Barchenko further stated, "The Force Protection Program office of the U.S. Air Force Electronic Systems Center accepted proposals for multiple award contracts in support of the Integrated Base Defense Security System program (IBDSS) in June of 2003. Under the current agreement, ECSI is installing its premiere product lines designed to prevent unauthorized entry or access to large, medium and small military facilities. Since the first major award for the Tinker Air Force Base, we have received over $13 million in procurements for both the IBDSS and TASS programs."

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Daily Deals

Closing/
announcement date
Buyer Seller Purchase Price Seller Revenue
February 13, 2006 Alion Science and Technology BMH Associates N/D N/D
February 8, 2006 Homeland Security Capital Corp. Nexus Technologies Group N/D $5.4m
February 8, 2006 SI International Zen Technology $60m $38m
January 30, 2006 SiloSmashers Martis Group N/D N/D
January 26, 2006 L-3 Communications TCS Design and Management Services N/D $45m (2006)
January 26, 2006 Aviel Systems OPTIMUS Corporation N/D N/D
January 24, 2006 Raytheon Co. Houston Associates N/D $28m
January 18, 2006 Kforce Pinkerton Computer Consultants $60m $90m
January 17, 2006 ITS Corp. LEADS Corp. N/D $15m
January 2006 Schafer Corporation 3D Research N/D 375 employees
January 6, 2006 Stanley Associates Morgan Research N/D $70m
January 6, 2006 Celtron International Satellite Security Systems N/D $35m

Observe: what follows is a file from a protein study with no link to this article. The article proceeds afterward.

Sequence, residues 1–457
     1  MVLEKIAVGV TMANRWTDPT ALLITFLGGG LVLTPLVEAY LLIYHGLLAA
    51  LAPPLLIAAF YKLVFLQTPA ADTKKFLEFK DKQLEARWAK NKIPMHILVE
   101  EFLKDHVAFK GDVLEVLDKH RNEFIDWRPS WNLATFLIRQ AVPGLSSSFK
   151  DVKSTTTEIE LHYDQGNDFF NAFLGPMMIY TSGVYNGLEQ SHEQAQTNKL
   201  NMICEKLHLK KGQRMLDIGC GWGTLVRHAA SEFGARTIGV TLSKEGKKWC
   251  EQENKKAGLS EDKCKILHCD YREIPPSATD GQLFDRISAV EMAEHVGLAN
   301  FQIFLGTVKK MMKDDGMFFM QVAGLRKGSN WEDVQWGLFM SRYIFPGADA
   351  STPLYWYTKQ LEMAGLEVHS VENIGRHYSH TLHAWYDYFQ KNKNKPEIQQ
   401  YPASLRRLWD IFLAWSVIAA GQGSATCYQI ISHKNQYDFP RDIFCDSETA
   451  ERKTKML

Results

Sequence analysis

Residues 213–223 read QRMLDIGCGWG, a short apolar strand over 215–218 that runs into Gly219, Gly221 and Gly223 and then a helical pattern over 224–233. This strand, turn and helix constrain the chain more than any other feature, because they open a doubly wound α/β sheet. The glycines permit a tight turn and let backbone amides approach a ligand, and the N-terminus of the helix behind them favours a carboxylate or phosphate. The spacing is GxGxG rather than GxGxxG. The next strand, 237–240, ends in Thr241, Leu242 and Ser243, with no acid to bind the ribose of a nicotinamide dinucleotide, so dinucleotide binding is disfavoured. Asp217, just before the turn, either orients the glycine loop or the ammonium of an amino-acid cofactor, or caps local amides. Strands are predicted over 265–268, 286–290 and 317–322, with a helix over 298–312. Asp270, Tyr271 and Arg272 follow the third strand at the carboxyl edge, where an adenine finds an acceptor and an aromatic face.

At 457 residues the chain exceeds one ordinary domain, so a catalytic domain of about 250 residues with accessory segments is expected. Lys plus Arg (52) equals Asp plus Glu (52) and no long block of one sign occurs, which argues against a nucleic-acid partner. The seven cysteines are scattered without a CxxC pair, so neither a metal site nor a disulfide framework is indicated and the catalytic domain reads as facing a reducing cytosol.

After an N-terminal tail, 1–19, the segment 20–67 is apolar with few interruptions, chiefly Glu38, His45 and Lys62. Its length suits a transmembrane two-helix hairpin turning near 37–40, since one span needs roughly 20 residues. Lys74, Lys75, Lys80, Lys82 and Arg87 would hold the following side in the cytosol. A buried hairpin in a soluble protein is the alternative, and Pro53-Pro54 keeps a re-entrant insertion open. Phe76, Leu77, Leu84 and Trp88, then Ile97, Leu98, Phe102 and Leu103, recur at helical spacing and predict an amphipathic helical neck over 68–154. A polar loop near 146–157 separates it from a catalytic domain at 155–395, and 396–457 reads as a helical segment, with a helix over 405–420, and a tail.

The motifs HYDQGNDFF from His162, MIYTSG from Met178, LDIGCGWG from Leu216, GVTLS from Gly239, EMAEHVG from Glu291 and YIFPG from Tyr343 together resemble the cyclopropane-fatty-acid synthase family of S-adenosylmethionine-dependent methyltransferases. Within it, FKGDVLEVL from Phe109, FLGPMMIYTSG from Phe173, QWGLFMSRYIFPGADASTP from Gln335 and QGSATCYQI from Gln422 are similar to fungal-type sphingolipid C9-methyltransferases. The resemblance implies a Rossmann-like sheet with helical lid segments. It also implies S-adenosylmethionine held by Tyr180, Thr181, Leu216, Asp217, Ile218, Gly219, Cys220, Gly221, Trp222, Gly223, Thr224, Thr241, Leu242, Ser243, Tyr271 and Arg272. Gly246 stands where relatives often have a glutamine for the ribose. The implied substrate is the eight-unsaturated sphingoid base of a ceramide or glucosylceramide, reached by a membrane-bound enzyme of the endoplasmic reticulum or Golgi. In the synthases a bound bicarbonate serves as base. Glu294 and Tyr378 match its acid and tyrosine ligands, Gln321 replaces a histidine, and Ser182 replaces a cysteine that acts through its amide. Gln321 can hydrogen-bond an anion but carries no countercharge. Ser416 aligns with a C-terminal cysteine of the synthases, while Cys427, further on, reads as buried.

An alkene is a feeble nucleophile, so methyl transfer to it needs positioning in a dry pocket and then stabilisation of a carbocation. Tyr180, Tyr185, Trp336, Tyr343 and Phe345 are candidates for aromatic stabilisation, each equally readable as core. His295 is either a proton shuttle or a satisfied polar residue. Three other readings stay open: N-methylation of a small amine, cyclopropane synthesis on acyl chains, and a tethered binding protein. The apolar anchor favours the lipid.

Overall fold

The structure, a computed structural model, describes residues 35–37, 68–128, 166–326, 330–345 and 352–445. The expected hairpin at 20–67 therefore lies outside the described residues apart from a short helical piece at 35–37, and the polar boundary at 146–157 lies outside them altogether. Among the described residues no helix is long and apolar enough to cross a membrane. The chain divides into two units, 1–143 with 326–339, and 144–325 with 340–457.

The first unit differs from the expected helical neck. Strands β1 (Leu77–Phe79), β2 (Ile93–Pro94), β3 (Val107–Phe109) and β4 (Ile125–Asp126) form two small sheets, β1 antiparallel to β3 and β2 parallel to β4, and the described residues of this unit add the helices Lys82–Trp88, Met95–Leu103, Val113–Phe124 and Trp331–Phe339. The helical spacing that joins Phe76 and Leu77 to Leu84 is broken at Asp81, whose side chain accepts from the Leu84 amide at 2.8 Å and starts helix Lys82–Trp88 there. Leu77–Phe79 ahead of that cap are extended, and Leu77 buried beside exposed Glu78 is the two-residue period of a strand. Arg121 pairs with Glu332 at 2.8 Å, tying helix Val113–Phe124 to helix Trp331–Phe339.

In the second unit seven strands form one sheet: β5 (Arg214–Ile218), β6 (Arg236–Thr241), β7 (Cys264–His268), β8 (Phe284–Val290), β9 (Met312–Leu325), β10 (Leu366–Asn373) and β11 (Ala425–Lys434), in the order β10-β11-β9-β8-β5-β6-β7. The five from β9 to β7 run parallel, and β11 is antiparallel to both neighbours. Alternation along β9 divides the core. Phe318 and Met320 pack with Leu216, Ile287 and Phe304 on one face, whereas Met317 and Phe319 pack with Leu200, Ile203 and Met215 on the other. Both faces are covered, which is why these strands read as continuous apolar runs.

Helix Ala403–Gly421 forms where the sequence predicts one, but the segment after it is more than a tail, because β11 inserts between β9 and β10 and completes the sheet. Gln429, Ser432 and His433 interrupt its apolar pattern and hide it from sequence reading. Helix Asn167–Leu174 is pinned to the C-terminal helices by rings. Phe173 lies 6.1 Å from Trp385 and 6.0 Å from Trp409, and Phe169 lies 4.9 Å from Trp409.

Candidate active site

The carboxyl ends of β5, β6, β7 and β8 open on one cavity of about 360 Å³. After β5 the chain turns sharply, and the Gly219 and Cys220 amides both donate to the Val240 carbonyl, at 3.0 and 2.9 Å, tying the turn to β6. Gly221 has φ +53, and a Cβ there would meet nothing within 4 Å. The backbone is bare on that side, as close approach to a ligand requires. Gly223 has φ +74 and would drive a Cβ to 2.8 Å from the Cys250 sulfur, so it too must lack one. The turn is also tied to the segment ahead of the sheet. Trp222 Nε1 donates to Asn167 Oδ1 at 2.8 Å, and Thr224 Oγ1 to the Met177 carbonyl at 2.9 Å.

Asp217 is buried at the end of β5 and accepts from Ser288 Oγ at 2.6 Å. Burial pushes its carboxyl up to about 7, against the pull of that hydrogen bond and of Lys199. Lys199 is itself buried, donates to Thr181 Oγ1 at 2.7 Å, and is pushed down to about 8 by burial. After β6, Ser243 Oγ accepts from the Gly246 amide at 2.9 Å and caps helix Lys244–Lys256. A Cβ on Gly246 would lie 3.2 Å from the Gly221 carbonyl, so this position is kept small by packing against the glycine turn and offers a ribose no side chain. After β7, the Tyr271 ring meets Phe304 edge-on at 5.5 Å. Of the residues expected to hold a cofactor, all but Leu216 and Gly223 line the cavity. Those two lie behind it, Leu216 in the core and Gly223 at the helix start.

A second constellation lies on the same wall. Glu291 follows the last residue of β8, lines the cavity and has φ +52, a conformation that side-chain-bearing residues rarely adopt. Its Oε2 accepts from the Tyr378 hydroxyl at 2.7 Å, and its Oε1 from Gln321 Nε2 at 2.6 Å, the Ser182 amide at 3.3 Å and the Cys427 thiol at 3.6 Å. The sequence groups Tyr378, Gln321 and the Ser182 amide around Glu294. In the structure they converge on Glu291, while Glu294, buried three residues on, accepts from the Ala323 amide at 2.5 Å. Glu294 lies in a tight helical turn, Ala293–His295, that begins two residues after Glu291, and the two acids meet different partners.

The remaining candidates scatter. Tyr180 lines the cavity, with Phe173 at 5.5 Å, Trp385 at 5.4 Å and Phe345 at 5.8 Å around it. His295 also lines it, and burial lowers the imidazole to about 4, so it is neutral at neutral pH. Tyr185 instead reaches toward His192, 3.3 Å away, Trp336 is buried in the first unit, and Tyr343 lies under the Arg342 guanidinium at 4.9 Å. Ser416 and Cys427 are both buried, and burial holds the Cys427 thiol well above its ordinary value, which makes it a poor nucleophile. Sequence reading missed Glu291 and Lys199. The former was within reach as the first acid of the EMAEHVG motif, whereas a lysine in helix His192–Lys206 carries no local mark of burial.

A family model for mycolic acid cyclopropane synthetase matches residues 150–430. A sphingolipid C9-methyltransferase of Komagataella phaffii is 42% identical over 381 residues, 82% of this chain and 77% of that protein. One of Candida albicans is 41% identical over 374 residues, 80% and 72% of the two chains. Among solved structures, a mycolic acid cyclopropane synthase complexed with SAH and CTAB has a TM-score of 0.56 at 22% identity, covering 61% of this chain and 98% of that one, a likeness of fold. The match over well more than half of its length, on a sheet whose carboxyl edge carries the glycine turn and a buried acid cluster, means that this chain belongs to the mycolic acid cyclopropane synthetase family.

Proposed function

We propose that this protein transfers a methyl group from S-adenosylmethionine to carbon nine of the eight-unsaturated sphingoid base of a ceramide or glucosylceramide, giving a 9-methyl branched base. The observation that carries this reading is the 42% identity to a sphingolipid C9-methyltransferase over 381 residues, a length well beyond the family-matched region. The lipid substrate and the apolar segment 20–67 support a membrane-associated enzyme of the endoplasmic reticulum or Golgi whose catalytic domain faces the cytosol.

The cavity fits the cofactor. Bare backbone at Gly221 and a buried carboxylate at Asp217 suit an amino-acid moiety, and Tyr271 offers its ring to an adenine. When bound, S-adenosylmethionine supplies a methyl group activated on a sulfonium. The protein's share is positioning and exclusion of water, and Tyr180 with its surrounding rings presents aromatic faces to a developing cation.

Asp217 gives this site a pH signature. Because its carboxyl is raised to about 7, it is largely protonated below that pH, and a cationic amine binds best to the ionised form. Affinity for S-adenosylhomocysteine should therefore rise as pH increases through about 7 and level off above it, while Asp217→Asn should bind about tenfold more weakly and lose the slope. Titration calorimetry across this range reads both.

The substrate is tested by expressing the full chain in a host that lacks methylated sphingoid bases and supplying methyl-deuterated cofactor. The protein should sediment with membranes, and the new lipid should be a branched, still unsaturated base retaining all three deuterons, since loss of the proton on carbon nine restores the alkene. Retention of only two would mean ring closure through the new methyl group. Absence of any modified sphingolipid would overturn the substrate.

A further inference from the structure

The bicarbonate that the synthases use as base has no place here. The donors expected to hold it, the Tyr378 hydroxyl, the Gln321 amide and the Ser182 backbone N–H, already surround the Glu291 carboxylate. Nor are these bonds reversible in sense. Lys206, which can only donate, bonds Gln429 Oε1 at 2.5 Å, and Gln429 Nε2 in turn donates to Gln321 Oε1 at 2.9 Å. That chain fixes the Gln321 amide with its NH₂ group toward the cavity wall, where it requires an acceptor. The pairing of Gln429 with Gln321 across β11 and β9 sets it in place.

January 3, 2006 Harris Computer Systems e-Management Solutions (CASS, Inc. unit) $7m $6m
2006
December 23, 2005 CACI International Information Systems Support N/D $200m
December 16, 2005 Lockheed Martin Aspen Systems Corp. N/D $164.4m
December 14, 2005 Offshore Systems International CHI Systems $9m $12m

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Minuteman Ventures LLC News

Joe Fitzgerald, Minuteman's Director of Huntsville operations, this past month received the "Distinguished Service Medal" from the Governor of Alabama, the highest medal awarded by the Governor to a citizen of the state. Congratulations Joe!… Minuteman Ventures President Paul Serotkin sits on a panel March 3 at an event titled 'Navigating New Terrain' sponsored by global investment bank UBS. Held at the Ritz-Carlton Pentagon City in Arlington, Va., this is the 3rd Annual Government/Defense IT Conference held by UBS, with the focus on federal IT services. Serotkin joins the "Consolidation/M&A Outlook" panel… Mark your calendar for March 7 and 8. The Strategic Research Institute is hosting its annual Defense, Aerospace and IT Investor and Corporate Development Conference. Leading defense/aerospace and federal IT investors and corporate development executives will once again meet in Reston to take stock of the constantly evolving industry. The event is at the Hyatt Regency Reston, Va. Click here for more.… The National Defense Industrial Association will host its Third Annual National Small Business Conference May 8–10 in Newport, R.I. Titled 'Meeting DoD/DHS Mission Needs in the 21st Century,' the event brings together company executives and DoD/ government leaders to address current issues and trends… See the Jan. 6 issue of Washington Technology, which quotes Minuteman's Chuck Chappell on the draw of private equity funds to the federal sector. Click here for the article.

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About Us

Minuteman Ventures LLC advises company owners on the sale of their businesses, and assists corporate and private equity buyers in strategic acquisitions and divestitures. Our team consists of experienced entrepreneurs and business executives who founded or operated companies and corporate divisions.

We specialize in companies that sell services, products, and solutions to federal government clients. We pride ourselves in being the investment bank for entrepreneurial companies in the federal sector.